Aaron Van Neste
Research Interests: Environmental history; fisheries science; science policy; history of ecology and environmental science; Ocean Studies; the history of natural history
Aaron Van Neste is a PhD candidate in the History of Science at Harvard. He is broadly interested in relationships between humans and more-than-human environments, including fisheries, plantations, endangered species and biodiversity, wildlife trafficking, pollution and climate change, the roles of NGOs, corporations, scientists, managers, fishworkers, and indigenous communities. His dissertation will explore the origins and persistence of the concept of inexhaustibility in fisheries science and management in the global 19th and 20th century, and the division between ecology/restoration science and fisheries management. Prior to beginning his PhD, Aaron’s research interests have included visual representations of the prehistoric world (“paleo-art”); habitat mitigation requirements for state and federal water projects; railroad expansion and wetland reclamation; and parasitic trematode population distributions in the Equatorial Pacific.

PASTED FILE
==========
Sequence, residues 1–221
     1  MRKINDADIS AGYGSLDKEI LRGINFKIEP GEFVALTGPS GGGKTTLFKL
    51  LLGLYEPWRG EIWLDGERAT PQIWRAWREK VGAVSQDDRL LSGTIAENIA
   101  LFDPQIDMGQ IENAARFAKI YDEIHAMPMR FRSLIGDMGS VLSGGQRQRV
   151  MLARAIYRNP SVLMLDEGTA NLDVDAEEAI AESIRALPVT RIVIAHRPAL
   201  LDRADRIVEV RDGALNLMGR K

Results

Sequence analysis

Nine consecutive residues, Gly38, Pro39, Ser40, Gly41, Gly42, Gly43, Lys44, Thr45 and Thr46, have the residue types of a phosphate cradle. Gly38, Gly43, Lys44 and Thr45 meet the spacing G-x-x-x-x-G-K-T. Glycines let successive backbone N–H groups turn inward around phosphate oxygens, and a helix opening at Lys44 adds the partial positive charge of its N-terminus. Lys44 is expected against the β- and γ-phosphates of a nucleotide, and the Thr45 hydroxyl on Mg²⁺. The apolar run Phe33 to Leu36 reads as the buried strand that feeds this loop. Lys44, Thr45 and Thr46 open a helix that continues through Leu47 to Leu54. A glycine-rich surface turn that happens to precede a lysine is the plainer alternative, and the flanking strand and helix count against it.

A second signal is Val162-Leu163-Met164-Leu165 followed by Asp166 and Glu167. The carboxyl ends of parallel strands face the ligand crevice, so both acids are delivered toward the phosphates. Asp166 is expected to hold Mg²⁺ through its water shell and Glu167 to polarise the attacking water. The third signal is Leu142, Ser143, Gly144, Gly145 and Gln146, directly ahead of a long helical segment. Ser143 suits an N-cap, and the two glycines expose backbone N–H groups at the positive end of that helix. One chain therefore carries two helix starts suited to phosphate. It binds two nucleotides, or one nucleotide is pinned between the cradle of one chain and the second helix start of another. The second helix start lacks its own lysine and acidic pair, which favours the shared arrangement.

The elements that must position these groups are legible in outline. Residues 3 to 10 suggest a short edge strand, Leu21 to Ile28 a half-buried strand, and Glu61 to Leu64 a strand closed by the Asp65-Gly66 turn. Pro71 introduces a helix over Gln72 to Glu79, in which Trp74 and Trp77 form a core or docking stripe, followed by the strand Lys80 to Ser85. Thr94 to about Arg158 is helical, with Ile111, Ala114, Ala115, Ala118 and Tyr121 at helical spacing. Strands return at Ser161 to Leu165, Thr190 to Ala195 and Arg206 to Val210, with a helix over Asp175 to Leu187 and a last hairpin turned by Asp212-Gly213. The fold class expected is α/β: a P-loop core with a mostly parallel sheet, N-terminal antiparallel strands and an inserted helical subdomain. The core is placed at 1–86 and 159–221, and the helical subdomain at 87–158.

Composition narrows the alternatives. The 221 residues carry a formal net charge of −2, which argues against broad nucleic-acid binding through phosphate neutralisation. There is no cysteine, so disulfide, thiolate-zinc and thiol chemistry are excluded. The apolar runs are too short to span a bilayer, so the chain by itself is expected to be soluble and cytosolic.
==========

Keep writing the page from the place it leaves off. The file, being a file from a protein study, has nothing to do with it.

“Fishy Understandings: Epistemic Conflict in the Debate Over MPAs.” Columbia History of Science Group (Friday Harbor Labs, WA, March 9, 2019).
“Mechanization by Insect: Multi-species Ecologies in the Malaysian Plantationocene.” McGill-Glasgow International Conference on Forced Migration and Environment in the Indian Ocean World (Montreal, Canada, Dec. 6, 2018).
BA., History of Science with Honors, Stanford University
MS., Earth Systems, Stanford University